The Journeyman

The next leg on the budding tarotists road to mastery usually starts with a line of three cards, often presented in a “past/present/future” array that is read from left to right. As a learning tool, this offers a logical progression that moves from Point A to Point C through the pivotal intercession of Point B, creating the opportunity to form a story with a traditional beginning, middle and end from the three cards. There are a number of ways to look at this arrangement: “where you’re coming from;” “where you are right now;” and “where you’re going” is the most common, although “what you bring to the table;” “what you can do with it;” and “what you take away from the experience” may be a more useful perspective. The reader’s goal at this point is to practice story-telling by judging the relative significance of each card in the series to the overall narrative: is the turning-point or major crisis in the situation locked in the past, ongoing in the present or likely to appear in the foreseeable future? The subject of the reading may be unable to let go of past “baggage,” may be currently immersed in the throes of a dilemma, or may be facing a rough patch as the tale unfolds. Alternatively, an improving trend may be signaled by more fortunate cards. The situational content and developmental outlook in each case would most likely be different.

Another way to read a line of three cards is with the center card as the focus card in the reading and the two flanking cards as modifiers. This gives a narrowly defined outlook rather than a moving timeline, with a single card as the answer and the subordinate cards elaborating on its testimony. A fanciful way to look at the two abutting cards is that they are “accomplices before and after the fact.” Another wrinkle is to select the most potent card of the set as the focus card, regardless of where it falls. In such cases a trump card would normally outrank a court or pip card, and a court card would outweigh a pip card. When there is more than one dominant card of the same type, the nature of the cards should be considered in relation to the context of the question before deciding which to use. Reversal may also sway the choice, where a weakened card of a higher denomination may defer to a powerful card of a lower rank. A third consideration – although its practice is usually relegated to the next degree of expertise – is to determine whether the elemental qualities of the three cards are mutually friendly or unfriendly, in one case increasing the potency of the focus card and in the other diminishing it.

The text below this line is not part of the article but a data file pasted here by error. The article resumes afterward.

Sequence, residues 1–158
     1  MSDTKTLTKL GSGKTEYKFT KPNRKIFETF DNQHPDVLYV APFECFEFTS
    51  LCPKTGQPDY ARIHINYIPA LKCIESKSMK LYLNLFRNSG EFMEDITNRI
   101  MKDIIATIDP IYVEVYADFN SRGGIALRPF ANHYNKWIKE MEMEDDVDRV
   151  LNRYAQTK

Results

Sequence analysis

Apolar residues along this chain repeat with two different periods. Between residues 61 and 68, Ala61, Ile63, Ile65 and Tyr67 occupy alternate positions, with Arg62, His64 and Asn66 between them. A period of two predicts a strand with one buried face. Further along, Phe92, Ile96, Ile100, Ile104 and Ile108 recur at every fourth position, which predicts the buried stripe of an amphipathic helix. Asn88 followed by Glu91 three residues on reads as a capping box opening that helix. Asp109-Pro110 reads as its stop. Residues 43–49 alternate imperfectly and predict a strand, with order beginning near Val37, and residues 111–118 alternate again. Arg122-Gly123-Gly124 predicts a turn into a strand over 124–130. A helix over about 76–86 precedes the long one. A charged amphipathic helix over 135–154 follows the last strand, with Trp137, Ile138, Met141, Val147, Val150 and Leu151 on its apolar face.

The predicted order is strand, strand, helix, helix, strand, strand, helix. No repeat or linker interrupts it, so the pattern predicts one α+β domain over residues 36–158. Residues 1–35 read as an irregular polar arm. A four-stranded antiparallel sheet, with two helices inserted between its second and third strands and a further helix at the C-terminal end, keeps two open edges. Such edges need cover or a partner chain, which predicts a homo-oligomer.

At the “journeyman” level, larger spreads begin to make an appearance. The five-card line is another common layout; it has the advantage of all odd-numbered spreads in that there is a central card that can be considered the focus or pivot of the reading around which the rest of the cards revolve. The four-card spread that observes the Fire/Water/Air/Earth separation is also a popular option. Once again, I’m not the most reliable observer in this area since I started with the 10-card Celtic Cross and used it almost exclusively from 1972 to 2011. I only began working with smaller layouts when I began creating my own spreads. Large spreads challenge the reader’s ability to sift through the often conflicting testimony in the cards to find the most pertinent and effective interpretation.

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